15. Cooking Apicius

The Apicius is an even more ancient cookbook than the Forme of Cury, dating from around the 4th century. It’s a collection of recipes intended to be cooked for wealthy Romans of the era. Grainger translates the recipes and attempts to make them feasible for a modern cook while still retaining the taste of antiquity. It might mean a little rotting fish paste here and there, but if it was good enough for Caesar it’s good enough for you.

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Every New Movie, TV Series, and Special Coming to Netflix in May
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Netflix

Netflix is making way for loads of laughs in its library in May, with a handful of original comedy specials (Steve Martin, Martin Short, Carol Burnett, Tig Notaro, and John Mulvaney will all be there), plus the long-awaited return of Unbreakable Kimmy Schmidt. Here’s every new movie, TV series, and special making its way to Netflix in May.

MAY 1

27: Gone Too Soon

A Life of Its Own: The Truth About Medical Marijuana

Amelie

Barbie Dreamhouse Adventures: Season 1

Beautiful Girls

Darc

God's Own Country

Hachi: A Dog's Tale

Harold & Kumar Escape from Guantanamo Bay

Hellboy II: The Golden Army

High School Musical 3: Senior Year

John Mulaney: Kid Gorgeous Live at Radio City

Mr. Woodcock

My Perfect Romance

Pocoyo & Cars

Pocoyo & The Space Circus

Queens of Comedy: Season 1

Reasonable Doubt

Red Dragon

Scream 2

Shrek

Simon: Season 1

Sliding Doors

Sometimes

The Bourne Ultimatum

The Carter Effect

The Clapper

The Reaping

The Strange Name Movie

Yu-Gi-Oh! Arc-V: Season 2

MAY 2

Jailbreak

MAY 4

A Little Help with Carol Burnett

Anon

Busted!: Season 1

Dear White People: Volume 2

End Game

Forgive Us Our Debts

Kong: King of the Apes: Season 2

Manhunt

My Next Guest Needs No Introduction With David Letterman: Tina Fey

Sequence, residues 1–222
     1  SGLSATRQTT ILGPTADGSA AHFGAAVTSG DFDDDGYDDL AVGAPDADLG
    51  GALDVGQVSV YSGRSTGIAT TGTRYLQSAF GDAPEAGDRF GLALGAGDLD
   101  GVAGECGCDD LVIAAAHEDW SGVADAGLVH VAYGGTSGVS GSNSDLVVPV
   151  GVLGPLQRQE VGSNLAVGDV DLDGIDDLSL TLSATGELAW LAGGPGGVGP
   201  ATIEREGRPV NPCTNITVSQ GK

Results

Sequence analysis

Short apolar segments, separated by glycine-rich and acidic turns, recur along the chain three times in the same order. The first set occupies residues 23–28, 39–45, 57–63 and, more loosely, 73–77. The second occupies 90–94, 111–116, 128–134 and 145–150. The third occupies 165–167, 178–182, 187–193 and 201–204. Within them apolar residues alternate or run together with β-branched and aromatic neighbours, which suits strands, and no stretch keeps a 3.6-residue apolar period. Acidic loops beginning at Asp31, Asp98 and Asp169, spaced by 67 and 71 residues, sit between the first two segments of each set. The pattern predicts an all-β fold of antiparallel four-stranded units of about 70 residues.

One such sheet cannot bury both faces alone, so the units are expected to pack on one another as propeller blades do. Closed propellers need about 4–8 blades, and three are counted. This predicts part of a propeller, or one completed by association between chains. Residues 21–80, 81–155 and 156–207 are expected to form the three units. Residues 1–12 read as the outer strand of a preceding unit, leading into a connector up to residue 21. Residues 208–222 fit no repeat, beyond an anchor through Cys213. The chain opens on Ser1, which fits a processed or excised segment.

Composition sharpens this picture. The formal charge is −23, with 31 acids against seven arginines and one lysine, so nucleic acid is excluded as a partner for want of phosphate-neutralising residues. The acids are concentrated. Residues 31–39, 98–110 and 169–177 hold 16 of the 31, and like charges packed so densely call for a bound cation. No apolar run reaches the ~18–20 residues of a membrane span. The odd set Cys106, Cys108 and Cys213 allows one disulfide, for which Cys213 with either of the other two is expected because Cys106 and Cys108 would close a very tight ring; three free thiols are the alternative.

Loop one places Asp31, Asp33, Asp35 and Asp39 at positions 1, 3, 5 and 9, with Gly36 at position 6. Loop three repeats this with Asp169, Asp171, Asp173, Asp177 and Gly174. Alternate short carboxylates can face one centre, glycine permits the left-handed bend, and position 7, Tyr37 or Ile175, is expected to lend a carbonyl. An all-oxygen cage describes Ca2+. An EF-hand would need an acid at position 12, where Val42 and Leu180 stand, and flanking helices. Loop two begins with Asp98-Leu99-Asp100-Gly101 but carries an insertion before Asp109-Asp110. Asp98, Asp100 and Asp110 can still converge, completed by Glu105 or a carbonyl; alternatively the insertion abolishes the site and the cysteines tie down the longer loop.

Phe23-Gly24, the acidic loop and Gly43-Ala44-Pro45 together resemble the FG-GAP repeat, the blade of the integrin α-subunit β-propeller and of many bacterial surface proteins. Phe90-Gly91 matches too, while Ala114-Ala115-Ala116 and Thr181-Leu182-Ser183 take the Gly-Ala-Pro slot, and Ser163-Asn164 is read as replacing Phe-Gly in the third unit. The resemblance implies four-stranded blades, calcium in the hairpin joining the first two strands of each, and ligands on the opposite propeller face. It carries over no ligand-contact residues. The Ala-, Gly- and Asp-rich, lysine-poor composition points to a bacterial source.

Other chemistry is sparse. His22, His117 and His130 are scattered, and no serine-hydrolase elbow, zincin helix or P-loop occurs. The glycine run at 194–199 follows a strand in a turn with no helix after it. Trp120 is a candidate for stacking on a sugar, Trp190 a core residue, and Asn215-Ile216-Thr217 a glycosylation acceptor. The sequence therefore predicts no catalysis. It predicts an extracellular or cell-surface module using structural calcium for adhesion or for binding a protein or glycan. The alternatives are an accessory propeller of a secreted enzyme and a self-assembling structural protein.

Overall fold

No Estoy Loca

The Rain: Season 1

MAY 5

Faces Places

MAY 6

The Joel McHale Show with Joel McHale

MAY 8

Desolation

Hari Kondabolu: Warn Your Relatives

MAY 9

Dirty Girl

MAY 11

Bill Nye Saves the World: Season 3

Evil Genius: the True Story of America's Most Diabolical Bank Heist

Spirit Riding Free: Season 5

The Kissing Booth

The Who Was? Show: Season 1

MAY 13

Ali Wong: Hard Knock Wife

MAY 14

The Phantom of the Opera

MAY 15

Girlfriends' Guide to Divorce: Season 4

Grand Designs: Seasons 13 - 14

Only God Forgives

The Game 365: Seasons 15 - 16

MAY 16

89

Mamma Mia!

The 40-Year-Old Virgin

The Kingdom

Wanted

MAY 18

Cargo

Catching Feelings

Inspector Gadget: Season 4

MAY 19

Bridge to Terabithia

Disney’s Scandal: Season 7

Small Town Crime

MAY 20

Some Kind of Beautiful

MAY 21

Señora Acero: Season 4

MAY 22

Mob Psycho 100: Season 1

Shooter: Season 2

Terrace House: Opening New Doors: Part 2

Tig Notaro Happy To Be Here

MAY 23

Explained

MAY 24

Fauda: Season 2

Survivors Guide to Prison

MAY 25

Ibiza

Steve Martin and Martin Short: An Evening You Will Forget for the Rest of Your Life

The Toys That Made Us: Season 2

Trollhunters: Part 3

MAY 26

Sara's Notebook

MAY 27

The Break with Michelle Wolf

MAY 29

Disney·Pixar's Coco

MAY 30

Unbreakable Kimmy Schmidt: Season 4

MAY 31

Bombshell: The Hedy Lamarr Story

My Next Guest Needs No Introduction With David Letterman: Howard Stern

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The First-Ever Troop of Homeless Girl Scouts Just Crushed Their Cookie Sales Goal
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iStock

Selling 32,500 boxes of cookies in a single week would be noteworthy for any team of Girl Scouts, but it's an especially sweet achievement for Troop 6000: The New York City-based chapter is the first-ever Girl Scout troop composed entirely of children living in homeless shelters.

According to NBC News, this season marked the first time the troop took part in the organization's annual cookie sale tradition. In early April, they received exclusive permission to set up shop inside the Kellogg's Café in Union Square. They kicked off their inaugural stand sale aiming to sell at least 6000 boxes of cookies: At the end of six days, they had sold more than 32,500.

Some customers waited in line an hour to purchase boxes from the history-making young women. Others gave their money directly to the troop, collectively donating over $15,000 to fund trips and activities. After purchasing their cookies, customers could also buy special Girl Scout cookie-inspired menu items from the Kellogg's store, with all proceeds going to Troop 6000.

The troop formed in 2016 as a collaboration between the Girl Scouts of Greater New York, Mayor de Blasio, and the city Department of Homeless Services. Meetings are held in shelters across the city, and many of the troop leaders, often mothers of the scouts, are homeless women themselves. About 40 percent of New York's homeless population are children, and Troop 6000 had to expand last summer to accommodate a flood of new recruits. Today, there are about 300 girls enrolled in the program.

[h/t NBC News]